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Book Review: Concealed Handgun Manual & Thank God I Had a Gun

October 12, 2014

 

Book Reviews…
The Concealed Handgun Manual &
Thank God I Had a Gun:  True Accounts of Self-Defense

by John Boch
(Guns Save Life) – Guns save innocent life from criminal attack one or two million times each year.  Most of these incidents don’t involve the police and aren’t reported in the mainstream media.  In fact, many that are reported to the police never see print.

However, if you’re like most red-blooded Americans, you enjoy reading stories of good guys thwarting bad guys.  It’s like the grown-up version of playground game cops and robbers, only the stakes are much higher in real life.

Author Chris Bird does a wonderful job in these two books, investigating some high-profile cases of good guys and gals using deadly force to defend against violent attack.  He interviews the participants where he can, along with witnesses and those in the know.  He crafts it all together in vivid accounts of the incidents.

These stories are published with an eye towards not only entertaining, but more importantly, educating the rest of us about what worked for the good guys and where they could have done better.

The incidents profiled include 18-year-old Sarah McKinley’s story from Blanchard, Oklahoma.  She shot and killed a home intruder on New Year’s Eve, after her husband died a few days before on Christmas Day.  Furthermore, it was only a few short weeks since her baby was born.  Detectives told GSL’s John Boch that the shooting was as righteous as they come.

Fortress Defense firearms instructor Antonio Luna worked together with GSL’s president to replace Sarah’s shotgun, taken by police for evidence after she stopped the knife-wielding intruder.

Luna and his friends bought a tactical shotgun and Guns Save Life members bought nearly $500 in accountrements to make it a home defense gun fitted for a petite woman.  It was customized, test-fired and sent with premium self-defense ammo.  What made it even better was that McKinley’s local police chief drove her to the nearby town’s gun shop to pick up the gun upon its arrival – a gift from Tony Luna and Guns Save Life.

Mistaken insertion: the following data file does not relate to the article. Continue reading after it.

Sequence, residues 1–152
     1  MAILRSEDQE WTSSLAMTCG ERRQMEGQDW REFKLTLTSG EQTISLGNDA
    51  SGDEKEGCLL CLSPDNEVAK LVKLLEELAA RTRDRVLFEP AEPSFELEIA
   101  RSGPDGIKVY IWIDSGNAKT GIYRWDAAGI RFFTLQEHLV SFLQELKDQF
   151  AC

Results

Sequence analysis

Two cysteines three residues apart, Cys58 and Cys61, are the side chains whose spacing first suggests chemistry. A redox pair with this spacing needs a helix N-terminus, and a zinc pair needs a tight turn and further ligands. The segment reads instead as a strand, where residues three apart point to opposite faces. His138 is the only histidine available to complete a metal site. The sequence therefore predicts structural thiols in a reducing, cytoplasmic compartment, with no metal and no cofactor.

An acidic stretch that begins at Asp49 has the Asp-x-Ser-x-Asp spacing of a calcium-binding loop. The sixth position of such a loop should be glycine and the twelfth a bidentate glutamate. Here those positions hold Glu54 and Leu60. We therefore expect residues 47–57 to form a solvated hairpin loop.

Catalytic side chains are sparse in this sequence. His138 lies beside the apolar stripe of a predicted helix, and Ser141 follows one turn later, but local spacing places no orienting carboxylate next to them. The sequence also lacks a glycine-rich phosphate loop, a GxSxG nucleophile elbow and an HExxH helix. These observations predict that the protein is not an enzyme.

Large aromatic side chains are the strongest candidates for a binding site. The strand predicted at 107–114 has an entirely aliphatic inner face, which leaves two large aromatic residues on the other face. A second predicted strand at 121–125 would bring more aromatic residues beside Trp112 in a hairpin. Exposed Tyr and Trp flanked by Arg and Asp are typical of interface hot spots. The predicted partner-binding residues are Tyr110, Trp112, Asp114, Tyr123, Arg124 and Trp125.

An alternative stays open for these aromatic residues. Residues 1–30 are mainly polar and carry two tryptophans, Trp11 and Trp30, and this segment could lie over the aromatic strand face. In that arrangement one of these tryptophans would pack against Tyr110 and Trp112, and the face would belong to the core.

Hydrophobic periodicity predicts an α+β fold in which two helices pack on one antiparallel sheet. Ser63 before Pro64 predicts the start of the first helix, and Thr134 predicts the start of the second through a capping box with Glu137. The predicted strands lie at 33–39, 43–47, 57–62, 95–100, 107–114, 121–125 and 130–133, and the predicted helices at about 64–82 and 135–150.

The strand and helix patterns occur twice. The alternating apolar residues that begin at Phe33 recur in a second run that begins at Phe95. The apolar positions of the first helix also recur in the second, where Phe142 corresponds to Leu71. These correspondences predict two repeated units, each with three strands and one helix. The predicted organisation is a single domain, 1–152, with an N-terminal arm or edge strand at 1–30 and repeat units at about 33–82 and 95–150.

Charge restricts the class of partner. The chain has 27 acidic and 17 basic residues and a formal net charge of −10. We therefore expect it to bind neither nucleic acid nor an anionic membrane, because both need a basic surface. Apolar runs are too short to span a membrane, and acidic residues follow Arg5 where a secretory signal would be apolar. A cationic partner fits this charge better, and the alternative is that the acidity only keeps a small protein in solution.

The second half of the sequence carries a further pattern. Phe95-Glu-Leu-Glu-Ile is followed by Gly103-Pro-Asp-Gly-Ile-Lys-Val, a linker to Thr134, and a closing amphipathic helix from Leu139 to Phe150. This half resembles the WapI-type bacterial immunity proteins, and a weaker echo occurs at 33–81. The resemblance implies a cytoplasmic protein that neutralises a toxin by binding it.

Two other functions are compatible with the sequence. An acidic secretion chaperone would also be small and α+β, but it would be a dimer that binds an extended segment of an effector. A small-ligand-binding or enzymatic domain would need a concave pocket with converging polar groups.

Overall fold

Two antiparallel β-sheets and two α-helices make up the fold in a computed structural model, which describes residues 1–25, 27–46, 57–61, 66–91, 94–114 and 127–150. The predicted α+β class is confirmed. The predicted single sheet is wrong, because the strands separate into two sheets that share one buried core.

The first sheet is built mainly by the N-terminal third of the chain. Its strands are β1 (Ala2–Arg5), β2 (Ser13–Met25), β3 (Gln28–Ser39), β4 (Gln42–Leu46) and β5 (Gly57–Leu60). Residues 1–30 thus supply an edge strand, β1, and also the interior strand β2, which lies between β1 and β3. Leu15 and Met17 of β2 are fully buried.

There’s plenty more similar stories in the books.

What’s more, in the Concealed Handgun Manual, Bird also packs the 500 pages chock full of information for concealed carry licensees.

There’s summaries of the gun laws in all fifty states (although the particulars of the new Illinois concealed carry law should have been covered as part of your IL CCW class), strategies to avoid and diffuse situations that might have otherwise required deadly force, and when force is justified.

He delves into much more than how and when to shoot, but also why people carry, how to choose the right handgun for your needs, and most importantly some of the legal and psychological consequences of using deadly force in self-defense.   He also helps readers with proper mindset issues before, during and after an encounter.

Did we mention he writes about real-world incidents where good guys use their guns to save innocent life?  In both books?  Yeah, he does that, in spades.  Like the story of a man who followed a motorist into the women’s restroom at a highway rest stop.  He left a whole lot faster than he entered.  Or the story of Sarah McKinley.  Or a host of other courageous good guys.

And in the Concealed Handgun Manual, he covers most all of the commonly asked questions civilians have when it comes to considering or actually following through with carrying a gun for self-defense.  It’s great, useful information, to say the least – especially for those new to carrying.

Either or both of these books would make great gifts for the gun enthusiasts in your family or social circle.  I guarantee you they will enjoy reading the true-life tales and best of all, they all have happy endings to varying degrees.

Well, except for the bad guys.

 

Originally printed in GunNews Magazine.